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  1. #1

    'Hitsville's hitmaker and the hitman'

  2. #2
    Sadly due to the recent EU GDPR laws, EU member states cannot see this article.

    I suspect that it is about Motown's chief mixing & recording engineer Lawrence T.Horn.




  3. #3
    JUSTICE STORY: Hitsville's hitmaker and the hitman

    By David J. Krajicek
    | New York Daily News |
    Feb 24, 2019 | 12:00 AM

    Recording studio mixing console (OllyPlu/Getty Images/iStockphoto)

    Though you wouldn't know his name, an obscure knob-twister named Lawrence (L.T.) Horn was as important as Marvin Gaye, Smokey Robinson or Berry Gordy Jr. to the music that triggered shimmying in the streets in the '60s.

    A baker's son from west Detroit, the tall, lanky Horn was a self-taught electronics geek hired by Gordy at age 22 as Motown Records' first full-time recording engineer.

    Like the Funk Brothers, Motown's studio musicians, Horn was rarely credited.

    Lawrence (L.T.) Horn was a Motown star — behind the scenes. (Handout)

    But he recorded and mixed scores of tunes that rolled off the Hitsville USA assembly line from 1960 to '72, including "My Girl," the enduring No. 1 song for the Temptations from 1965. He also personally shaped the rowdy, improvised style of saxman Junior Walker & the All Stars.

    As a measure of his value to Motown, Horn was handsomely compensated — unlike the sidemen musicians. He carried himself like a star, tooling around Motor City in a Porsche, seeding nightclubs with C-notes from a bottomless expense account.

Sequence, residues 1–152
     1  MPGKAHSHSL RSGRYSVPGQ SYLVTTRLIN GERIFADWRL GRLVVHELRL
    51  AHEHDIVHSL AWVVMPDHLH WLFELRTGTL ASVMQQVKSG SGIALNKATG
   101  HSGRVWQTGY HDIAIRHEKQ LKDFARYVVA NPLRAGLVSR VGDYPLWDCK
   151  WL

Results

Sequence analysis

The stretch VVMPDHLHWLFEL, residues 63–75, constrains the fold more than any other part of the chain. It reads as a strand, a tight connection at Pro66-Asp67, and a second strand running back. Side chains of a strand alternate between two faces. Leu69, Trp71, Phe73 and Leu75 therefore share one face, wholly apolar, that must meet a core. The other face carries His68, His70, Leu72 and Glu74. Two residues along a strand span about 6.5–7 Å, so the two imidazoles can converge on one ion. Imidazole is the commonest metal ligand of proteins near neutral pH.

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    He was married briefly to a Motown secretary, Juana Royster, who described Horn as a bright, ambitious young man "with a real flair."

    Horn carried his swagger to Los Angeles when Motown abandoned Detroit for L.A. in 1972. A year later, he married Mildred Maree, a flight attendant he met on a plane — in first class, of course.

    The couple had a daughter, Tiffani, in 1974, but the relationship soon became a running argument. Mildred told her sister that Horn was "a curse."

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    She moved to Washington, D.C., and resumed her airline career. But neither partner could quit the other, and they maintained a hot-and-cold affair even while pursuing divorce.

    On Aug. 5, 1985, the couple became parents again when Mildred gave birth prematurely to twins, Trevor and Tamielle.

    Trevor was born with underdeveloped lungs that required mechanical respiration. A month into his life, the tiny preemie suffered brain damage when he was left without oxygen by a hospital gaffe.

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    The Horns sued and in 1990 won a settlement that included permanent medical support for Trevor and a seven-figure trust fund, although his prognosis for survival was bleak.

    "Hit Man" by Rex Feral (Paladin Press)

    By that point, 25 years after his masterful mixing of "My Girl," Horn's glory days were long gone.

    As Motown's star dimmed, Gordy sold the label to MCA in 1988. Horn was relegated to the lackey job of tape librarian and then was let go in 1990.

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    He found himself living in a funky L.A. apartment, falling ever deeper in debt. He rarely bothered to travel east to see his son.